GPL will not pay for power losses between Amaila and the Sophia substation -PM

Prime Minister Sam Hinds says Guyana Power and Light (GPL) will not be made to pay for losses suffered from the Amaila Hydro project to Sophia, as the point of billing is the Georgetown substation.

He made the statement yesterday in response to concerns whether the government-owned entity would be made to pay for power as generated by Amaila rather than power actually delivered to Sophia. Sithe disclosed at a forum last week that some 14 per cent of the power generated will be lost by the time it gets to Georgetown. The project is said to be rated at 165 megawatts.

Former Guyana Electricity Corporation head Ramon Gaskin had said recently it is still not clear at which point Guyana Power and Light will be billing for the electricity lost from Amaila.
“GPL will not receive all of the power from Amaila. About 14 per cent of it will be lost. Is GPL going to pay for that? Where is the metering taking place,” he asked.

However, Hinds said that the point of billing is from Sophia since here is where the power will be delivered after generation at Amaila. “AHP will deliver power at Sophia,” he said.

Despite the losses en route to the substation, Hinds said that the project is viable given the reduction in tariffs it will engender. He said too that with the project, GPL will be weaned off subsidies and this could go towards lowering tariffs further and funding capital works.

He said that at the moment it costs 33 US cents per kWh to generate with petroleum. “We have losses at 32 per cent so the cost going to consumers is about $70 per kWh. However the average price paid is $64 when one considers the subsidy to GPL,” Hinds said. “When we go to Amaila the cost for generation will be about 12 US cents per kwh. By the time Amaila comes around, losses are expected to be in the region of 24 per cent and thus the final cost to the consumer is expected to be around $42 per kWh instead of $64 per kWh without subsidies factored in,” he said.

PM Hinds said Guyana may be liable to bear some of costs if it were to walk away from Amaila at this point.

Hinds said that while he does not think that Guyana will be financially penalised, each of the parties will have to bear some of the cost already outlaid on the project. He said that government may have to refund some amount of funds to Sithe Global.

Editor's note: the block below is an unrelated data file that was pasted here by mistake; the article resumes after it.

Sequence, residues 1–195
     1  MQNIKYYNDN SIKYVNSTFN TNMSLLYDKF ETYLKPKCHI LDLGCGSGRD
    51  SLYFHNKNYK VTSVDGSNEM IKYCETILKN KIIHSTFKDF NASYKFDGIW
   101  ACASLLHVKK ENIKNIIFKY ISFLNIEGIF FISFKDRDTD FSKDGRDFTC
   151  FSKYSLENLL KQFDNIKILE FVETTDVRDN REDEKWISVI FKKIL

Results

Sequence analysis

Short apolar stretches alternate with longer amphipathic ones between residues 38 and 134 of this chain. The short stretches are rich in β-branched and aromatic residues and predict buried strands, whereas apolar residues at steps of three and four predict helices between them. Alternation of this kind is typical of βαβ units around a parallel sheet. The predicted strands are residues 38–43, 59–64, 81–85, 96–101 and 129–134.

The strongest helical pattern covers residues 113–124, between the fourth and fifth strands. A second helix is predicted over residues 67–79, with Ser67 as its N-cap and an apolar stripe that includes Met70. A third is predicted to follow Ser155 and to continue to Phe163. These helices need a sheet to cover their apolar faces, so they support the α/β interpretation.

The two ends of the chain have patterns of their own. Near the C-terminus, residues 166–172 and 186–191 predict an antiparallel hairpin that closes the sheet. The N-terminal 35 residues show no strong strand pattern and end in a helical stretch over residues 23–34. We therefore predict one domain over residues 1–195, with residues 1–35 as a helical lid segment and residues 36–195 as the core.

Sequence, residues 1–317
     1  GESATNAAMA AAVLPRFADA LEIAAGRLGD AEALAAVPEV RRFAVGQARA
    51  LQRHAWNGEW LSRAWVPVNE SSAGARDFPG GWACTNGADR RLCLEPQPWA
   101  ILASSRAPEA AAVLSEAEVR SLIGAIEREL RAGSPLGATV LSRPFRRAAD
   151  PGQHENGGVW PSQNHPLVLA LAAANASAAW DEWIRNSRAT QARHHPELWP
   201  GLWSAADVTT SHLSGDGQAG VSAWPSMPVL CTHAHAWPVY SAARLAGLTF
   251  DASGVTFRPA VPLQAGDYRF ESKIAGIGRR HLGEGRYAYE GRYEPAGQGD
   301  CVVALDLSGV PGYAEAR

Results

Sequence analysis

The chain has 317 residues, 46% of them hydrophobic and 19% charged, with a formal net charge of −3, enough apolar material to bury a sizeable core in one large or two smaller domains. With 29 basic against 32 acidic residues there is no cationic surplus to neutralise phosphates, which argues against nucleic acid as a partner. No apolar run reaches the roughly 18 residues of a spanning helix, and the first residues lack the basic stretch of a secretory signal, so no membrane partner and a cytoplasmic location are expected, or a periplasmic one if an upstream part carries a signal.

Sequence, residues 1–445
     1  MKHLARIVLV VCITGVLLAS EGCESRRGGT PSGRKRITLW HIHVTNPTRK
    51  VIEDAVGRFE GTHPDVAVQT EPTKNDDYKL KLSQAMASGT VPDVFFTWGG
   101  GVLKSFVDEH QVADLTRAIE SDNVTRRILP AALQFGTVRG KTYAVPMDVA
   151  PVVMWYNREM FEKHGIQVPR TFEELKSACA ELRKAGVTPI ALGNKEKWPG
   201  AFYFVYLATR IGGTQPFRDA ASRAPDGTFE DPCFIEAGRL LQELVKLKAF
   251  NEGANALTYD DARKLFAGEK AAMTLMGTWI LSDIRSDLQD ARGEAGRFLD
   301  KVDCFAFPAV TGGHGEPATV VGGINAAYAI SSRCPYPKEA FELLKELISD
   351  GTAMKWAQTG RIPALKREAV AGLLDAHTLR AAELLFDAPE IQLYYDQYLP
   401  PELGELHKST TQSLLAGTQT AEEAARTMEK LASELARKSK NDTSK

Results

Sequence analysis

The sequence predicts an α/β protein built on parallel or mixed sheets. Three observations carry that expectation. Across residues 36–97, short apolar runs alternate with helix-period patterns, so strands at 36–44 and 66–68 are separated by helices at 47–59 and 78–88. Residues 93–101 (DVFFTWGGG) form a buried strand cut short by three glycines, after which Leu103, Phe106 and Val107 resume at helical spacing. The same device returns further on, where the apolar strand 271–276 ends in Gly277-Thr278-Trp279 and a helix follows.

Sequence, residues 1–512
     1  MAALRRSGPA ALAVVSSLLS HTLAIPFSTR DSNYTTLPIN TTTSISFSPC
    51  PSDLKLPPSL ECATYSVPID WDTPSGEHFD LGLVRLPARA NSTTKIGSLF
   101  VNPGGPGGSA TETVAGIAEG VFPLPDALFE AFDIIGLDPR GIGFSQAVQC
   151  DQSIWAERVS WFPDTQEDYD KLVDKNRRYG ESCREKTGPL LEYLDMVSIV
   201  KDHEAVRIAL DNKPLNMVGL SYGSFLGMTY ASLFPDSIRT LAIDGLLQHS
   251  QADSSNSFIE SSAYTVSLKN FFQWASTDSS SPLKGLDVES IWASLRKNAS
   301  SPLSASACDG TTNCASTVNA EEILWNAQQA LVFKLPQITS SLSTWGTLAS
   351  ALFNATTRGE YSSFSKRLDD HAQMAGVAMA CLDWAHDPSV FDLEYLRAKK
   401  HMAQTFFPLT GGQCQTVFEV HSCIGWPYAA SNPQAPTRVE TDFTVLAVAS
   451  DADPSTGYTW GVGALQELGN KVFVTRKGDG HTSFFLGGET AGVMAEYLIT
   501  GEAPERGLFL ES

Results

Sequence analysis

According to a project summary shared with the opposition last week, Sithe has spent to date a total of US$16 million in engineering and design studies, environmental studies, legal fees, financing fees and other costs. “Sithe Global expects to spend another US$4 million to reach financial closure and cannot do so without parliamentary support at the next sitting and a commitment to finish the road by year-end,” Sithe said in its project summary.

Working People’s Alliance (WPA) member Professor Clive Thomas said that it is time for the government to scrap Amaila, cutting its losses in the process since the costs to the Guyanese consumer and taxpayer will be “humongous.”

Speaking at a press conference last week, Thomas said that Amaila was one of many “troubled” government projects and that it was mis-conceptualised and mis-specified. He said that it is troubling to learn that the Government of Guyana is the project guarantor and said that this raises Guyana’s contingent external liability to US$750 million or about 30 per cent of GDP. He noted that while the political risk for the project is shared among the project sponsors, the main burden of the commercial risk seems to be on GPL and by extension the Government of Guyana as project guarantor.

A Partnership for National Unity (APNU) is bent on withholding support for Amaila until it is convinced that the project is a feasible one and that it would not result in higher tariffs or unsustainable debt. Further, the party continues to be peeved at what it called the lack of disclosures of key studies demonstrating that the final cost to the consumer will be significantly less than at present as is parroted by government ministers in talking about the project’s benefits. However, the Alliance for Change (AFC) is said to be leaning towards supporting enabling legislation if they get their way with the amendments they are to propose.

Speaking at the stakeholder forum on Wednesday, government’s negotiator for the project, Privatisation Unit Head Winston Brassington made it clear that there is nothing in the contract which restricts the government from cancelling the current arrangement; he said however that the option would cost the country the investment which has been provided and discourage investment.

Brassington said that even if a decision were taken to pull out now, money will still be needed to complete the project, money which the GoG just does not have.

As such, he said, it is not practical to go back to tender, considering how far the project has come. He made it clear though, that Sithe is the partner which is standing the majority of the expenses, and will suffer the biggest loss if the project was to be discontinued.

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